Guðmundur Hálfdánarson

Guðmundur Hálfdánarson, Professor of History at the University of
Iceland
E-mail: ghalfd@hi.is

Guðmundur Hálfdanarson (1956) was educated at the University of Lund (Sweden), University of Iceland and Cornell University (the United States). He is currently Jón Sigurðsson professor in the Department of History, University of Iceland. He specializes in European cultural and political history, with special emphasis on the history and theories of ationalism. Among his publications are Íslenska þjóðríkið – uppruni og endimörk [The Icelandic Nation-State – Origins and Limits] (2001), (with H. Jensen an Berntson) Europa 1800-2000 (2003), (ed. Discrimination and Tolerance in Historical Perspective (2008), and (with Sigríður Matthíasdóttir and Magnús Guðmundsson, Gunnar Karlsson ed.), Aldarsaga Háskóla Íslands 1911-2011 [History of the University of Iceland, 1911-2011] (2011). He was co-coordinator of the FP6 Network of Excellence, CLIOHRES.net and is editor-in-chief of Scandinavian Journal of History.

National narratives are central to people’s perceptions of themselves and how they act as a group. To study such narratives, their formation, reproduction and impact, is thus of vital importance for understanding the workings of society. The objective of this research project is to analyze the Icelandic national narrative, or how the story of the Icelandic nation has been formulated and performed, by whom, for hom and to what effect. What stories reached a hegemonic position in the Icelandic public arena and how have they been used, transmitted, manipulated, resisted, contested, and endorsed? What exclusionary mechanisms have been created and maintained by tracing the nation back to its imagined “ethnic” or “racial” roots? Where have these narratives placed the Icelandic nation in the world and how have they interacted with and imitated similar narratives in other countries? How have these narratives shaped present predicaments in areas such as state politics, cultural production and gender relations? This array of topics will be examined through an interdisciplinary approach, where the narratives are explored from various perspectives – as texts, originating in certain political and cultural contexts, and as political instruments, or tools of power, which developed through time, but were based on recurring discursive themes. The project approaches the topic from a broad historical perspective, in order to explain how people’s conceptions of the past are used to legitimate political power relations in the present, and how they serve to promote, reject and rationalize socio-cultural change.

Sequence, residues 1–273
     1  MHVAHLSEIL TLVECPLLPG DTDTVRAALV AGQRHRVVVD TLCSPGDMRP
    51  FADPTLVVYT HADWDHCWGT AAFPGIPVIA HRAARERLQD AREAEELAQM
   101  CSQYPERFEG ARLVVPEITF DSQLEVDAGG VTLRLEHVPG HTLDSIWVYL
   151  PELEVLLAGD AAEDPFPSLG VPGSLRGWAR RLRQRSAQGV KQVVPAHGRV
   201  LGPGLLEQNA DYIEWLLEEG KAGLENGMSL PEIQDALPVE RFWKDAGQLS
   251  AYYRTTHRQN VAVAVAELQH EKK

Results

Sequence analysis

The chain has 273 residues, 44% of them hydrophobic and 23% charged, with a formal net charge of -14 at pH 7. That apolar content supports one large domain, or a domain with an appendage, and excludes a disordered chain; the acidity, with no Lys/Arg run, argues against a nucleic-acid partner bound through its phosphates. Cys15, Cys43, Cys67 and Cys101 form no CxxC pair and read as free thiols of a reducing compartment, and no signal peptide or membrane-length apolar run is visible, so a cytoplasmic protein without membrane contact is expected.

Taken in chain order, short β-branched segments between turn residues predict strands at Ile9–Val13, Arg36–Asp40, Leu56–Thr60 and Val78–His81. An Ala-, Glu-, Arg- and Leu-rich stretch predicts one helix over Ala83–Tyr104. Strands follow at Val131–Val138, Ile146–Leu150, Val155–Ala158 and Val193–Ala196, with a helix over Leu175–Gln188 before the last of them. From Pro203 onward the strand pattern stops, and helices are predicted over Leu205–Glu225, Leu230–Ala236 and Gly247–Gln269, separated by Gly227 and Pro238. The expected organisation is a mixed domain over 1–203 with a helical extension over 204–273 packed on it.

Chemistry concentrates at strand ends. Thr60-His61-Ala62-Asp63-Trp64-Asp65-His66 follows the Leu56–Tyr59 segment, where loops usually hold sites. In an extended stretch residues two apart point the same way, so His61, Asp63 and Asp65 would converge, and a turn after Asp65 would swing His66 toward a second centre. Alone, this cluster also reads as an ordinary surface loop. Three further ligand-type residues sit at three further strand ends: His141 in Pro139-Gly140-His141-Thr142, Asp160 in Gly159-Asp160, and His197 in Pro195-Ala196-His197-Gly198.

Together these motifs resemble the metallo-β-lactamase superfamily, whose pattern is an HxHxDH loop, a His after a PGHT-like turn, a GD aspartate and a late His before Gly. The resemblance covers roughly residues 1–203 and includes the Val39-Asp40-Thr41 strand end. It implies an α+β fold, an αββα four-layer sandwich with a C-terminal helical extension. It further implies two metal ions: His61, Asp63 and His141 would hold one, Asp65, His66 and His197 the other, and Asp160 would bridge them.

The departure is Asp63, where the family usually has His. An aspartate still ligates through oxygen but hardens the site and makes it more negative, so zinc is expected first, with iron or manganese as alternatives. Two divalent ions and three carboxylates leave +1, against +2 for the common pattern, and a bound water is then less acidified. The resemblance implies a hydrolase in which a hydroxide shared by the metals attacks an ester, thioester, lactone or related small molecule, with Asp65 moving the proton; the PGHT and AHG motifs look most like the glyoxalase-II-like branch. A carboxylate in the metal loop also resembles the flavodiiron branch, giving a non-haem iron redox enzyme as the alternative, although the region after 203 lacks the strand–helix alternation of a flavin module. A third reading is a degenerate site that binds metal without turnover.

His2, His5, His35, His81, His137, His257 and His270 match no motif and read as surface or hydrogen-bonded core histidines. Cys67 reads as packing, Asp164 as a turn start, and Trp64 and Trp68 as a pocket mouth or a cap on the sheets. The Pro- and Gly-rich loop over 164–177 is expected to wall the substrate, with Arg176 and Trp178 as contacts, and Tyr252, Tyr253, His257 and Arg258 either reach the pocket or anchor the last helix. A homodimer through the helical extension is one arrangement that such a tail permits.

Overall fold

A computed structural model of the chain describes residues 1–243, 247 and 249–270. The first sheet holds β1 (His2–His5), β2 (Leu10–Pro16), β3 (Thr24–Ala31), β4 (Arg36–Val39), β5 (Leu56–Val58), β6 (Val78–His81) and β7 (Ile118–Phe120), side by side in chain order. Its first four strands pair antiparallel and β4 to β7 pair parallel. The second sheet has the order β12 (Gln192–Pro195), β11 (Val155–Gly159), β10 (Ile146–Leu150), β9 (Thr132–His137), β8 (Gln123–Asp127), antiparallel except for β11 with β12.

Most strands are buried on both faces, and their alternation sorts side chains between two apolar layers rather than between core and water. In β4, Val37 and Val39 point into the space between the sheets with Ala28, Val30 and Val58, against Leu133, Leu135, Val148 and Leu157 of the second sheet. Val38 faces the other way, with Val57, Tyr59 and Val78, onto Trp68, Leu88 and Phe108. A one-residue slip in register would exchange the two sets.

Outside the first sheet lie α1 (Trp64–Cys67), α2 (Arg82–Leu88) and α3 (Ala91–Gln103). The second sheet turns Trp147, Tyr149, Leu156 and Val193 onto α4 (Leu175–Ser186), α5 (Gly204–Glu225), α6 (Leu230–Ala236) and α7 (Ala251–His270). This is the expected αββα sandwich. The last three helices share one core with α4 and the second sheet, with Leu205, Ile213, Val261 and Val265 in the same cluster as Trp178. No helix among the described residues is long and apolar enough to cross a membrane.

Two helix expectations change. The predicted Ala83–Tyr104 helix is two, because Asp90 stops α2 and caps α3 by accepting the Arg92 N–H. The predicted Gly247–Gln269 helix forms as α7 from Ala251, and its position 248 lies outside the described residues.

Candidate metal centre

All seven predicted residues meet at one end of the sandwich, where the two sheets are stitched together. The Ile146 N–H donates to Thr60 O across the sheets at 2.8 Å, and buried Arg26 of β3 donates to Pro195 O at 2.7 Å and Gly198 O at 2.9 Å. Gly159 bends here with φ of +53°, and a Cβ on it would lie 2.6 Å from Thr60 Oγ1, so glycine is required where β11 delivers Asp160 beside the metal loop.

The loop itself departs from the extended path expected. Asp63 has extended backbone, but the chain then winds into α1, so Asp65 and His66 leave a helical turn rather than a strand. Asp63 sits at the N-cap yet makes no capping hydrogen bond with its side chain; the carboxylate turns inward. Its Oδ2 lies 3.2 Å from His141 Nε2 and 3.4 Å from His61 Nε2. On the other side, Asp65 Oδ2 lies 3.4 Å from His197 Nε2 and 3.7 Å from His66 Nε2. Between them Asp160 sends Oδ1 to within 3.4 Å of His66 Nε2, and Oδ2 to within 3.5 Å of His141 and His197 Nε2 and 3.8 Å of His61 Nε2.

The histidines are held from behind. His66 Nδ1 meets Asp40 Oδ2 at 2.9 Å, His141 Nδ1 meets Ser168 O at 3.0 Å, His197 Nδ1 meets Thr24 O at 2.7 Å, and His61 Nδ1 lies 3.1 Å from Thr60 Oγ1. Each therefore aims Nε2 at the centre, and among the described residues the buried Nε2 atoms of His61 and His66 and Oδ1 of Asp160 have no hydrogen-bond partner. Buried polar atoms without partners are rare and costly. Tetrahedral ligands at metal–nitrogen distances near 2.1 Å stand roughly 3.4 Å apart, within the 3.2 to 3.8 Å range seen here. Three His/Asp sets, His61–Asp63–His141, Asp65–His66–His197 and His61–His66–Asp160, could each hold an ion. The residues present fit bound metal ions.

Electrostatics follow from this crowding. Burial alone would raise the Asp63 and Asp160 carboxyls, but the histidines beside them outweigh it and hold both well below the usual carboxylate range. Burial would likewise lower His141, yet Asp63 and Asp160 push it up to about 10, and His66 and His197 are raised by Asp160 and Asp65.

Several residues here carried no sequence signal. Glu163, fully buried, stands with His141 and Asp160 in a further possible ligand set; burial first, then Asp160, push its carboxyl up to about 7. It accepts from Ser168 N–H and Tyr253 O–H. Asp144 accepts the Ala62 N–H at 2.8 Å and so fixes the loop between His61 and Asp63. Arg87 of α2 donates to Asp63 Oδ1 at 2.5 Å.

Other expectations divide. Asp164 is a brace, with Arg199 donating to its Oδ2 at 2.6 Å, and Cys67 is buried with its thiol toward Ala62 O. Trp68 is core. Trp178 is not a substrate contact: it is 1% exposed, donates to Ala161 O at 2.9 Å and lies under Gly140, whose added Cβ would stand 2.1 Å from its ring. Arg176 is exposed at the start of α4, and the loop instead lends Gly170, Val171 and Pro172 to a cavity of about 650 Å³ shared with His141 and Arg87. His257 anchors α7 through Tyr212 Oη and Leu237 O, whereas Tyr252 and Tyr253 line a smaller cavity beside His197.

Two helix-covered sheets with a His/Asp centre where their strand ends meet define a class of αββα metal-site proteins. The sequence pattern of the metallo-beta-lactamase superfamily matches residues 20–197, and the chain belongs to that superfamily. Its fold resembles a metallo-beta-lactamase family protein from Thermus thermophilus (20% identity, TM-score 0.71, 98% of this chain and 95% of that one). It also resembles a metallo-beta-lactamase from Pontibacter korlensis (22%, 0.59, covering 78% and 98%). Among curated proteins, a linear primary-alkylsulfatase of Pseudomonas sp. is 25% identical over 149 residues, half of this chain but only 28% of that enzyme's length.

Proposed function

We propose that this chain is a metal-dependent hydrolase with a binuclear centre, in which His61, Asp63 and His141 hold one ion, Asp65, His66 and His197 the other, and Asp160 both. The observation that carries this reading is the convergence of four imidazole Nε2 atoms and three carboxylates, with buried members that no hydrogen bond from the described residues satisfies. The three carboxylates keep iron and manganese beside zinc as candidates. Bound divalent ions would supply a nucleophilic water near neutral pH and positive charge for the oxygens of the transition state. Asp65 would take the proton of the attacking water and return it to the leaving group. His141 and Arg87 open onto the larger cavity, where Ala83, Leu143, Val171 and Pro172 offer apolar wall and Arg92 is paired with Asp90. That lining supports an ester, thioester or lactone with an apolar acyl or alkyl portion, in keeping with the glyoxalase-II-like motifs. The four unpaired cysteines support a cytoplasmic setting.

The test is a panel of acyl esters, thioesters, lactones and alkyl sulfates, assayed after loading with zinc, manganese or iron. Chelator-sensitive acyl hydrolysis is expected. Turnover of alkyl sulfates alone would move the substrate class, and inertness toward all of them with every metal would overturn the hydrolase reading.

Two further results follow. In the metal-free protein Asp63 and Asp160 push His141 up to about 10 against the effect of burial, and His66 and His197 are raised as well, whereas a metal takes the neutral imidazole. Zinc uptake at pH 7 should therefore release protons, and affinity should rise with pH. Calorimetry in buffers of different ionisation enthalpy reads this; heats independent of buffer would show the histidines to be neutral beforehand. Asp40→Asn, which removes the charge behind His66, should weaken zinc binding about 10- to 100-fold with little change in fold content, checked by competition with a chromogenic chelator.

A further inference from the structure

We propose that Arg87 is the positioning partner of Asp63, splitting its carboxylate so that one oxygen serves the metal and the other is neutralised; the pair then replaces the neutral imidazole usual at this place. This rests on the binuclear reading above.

Project Partners: Ástráður Eysteinsson, professor of comparative literature, and Dean of the School of Humanities, University of Iceland; Birgir Hermannsson, researcher in political science, Reykjavíkurakademían (RA); Helg Björnsdóttir, sessional teacher in anthropology and qualitative methodlogy, University of Iceland; Jón Karl Helgason, associate professor of Icelandic literature, University of Iceland; Jón Yngvi  Jóhannsson, sessional teacher in the Deparment of Icelandic and Comparative Cultural Studies at the University of Iceland; Katla Kjartansdóttir, researcher at the Edda Centre of Excellence (Edda) and acting director of the Icelandic Centre for Ethnology and Folklore (ICEF); Kristinn Schram, post-doc researcher at ICEF, RA and Edda Centre of Excellence; Ólafur Rastrick, postdoctoral fellow in history, University of Iceland; Ragnheiður Kristjánsdóttir, adjunct in history, University of Iceland; Sigurjón B. Hafsteinsson, associate professor of museum studies, University of Iceland; Tinna Grétarsdóttir, sessional teacher in the departments of Anthropology,  and Folkloristics and Museology, University of Iceland; Valdimar J. Halldórsson, Director of the Jón Sigurðsson Museum, Hrafnseyri; Veturliði G. Óskarsson, professor of Nordic languages, especially Icelandic, University of Uppsala, Sweden.

Research Field and Areas: History, Comparative Literature, Anthropology, Museology, Cultural Studies, Social Linguistics

Keywords: National narratives, nationalism, national identities, historical formations, cultural heritage, social linguistics

Presentations and Publications